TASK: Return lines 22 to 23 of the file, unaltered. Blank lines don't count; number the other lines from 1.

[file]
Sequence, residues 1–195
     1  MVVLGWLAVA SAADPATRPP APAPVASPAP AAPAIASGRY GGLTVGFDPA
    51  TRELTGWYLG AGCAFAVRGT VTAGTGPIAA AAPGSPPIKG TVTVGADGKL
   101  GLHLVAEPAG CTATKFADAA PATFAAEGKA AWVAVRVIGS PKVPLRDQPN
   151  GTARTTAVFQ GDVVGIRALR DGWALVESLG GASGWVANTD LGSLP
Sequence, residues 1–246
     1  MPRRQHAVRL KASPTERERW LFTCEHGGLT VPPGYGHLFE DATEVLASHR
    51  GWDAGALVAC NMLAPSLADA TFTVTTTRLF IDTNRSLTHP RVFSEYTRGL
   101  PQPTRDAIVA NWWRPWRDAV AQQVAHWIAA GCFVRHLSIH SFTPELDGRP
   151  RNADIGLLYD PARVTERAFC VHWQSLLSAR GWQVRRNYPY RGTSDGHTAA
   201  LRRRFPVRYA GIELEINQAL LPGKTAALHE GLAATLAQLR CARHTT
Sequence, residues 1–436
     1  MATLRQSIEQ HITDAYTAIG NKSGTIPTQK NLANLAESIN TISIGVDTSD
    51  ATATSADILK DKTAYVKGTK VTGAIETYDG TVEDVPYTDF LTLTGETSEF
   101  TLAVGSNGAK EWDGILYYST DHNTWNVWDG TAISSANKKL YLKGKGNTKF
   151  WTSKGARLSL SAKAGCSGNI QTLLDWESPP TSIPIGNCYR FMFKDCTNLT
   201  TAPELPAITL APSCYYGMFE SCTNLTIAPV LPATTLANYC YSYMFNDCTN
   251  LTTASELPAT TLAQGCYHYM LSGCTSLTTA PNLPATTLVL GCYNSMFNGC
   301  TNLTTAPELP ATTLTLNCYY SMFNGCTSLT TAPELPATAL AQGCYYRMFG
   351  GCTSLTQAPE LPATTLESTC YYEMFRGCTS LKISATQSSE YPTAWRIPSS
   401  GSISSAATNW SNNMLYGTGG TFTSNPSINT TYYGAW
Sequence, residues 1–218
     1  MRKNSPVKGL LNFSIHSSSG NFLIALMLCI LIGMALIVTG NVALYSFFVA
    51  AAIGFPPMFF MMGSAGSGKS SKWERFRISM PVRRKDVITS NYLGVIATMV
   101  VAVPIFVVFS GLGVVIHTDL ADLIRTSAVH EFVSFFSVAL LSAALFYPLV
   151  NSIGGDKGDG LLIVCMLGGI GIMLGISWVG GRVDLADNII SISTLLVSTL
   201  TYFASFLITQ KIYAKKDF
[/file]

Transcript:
Sequence, residues 1–218
     1  MRKNSPVKGL LNFSIHSSSG NFLIALMLCI LIGMALIVTG NVALYSFFVA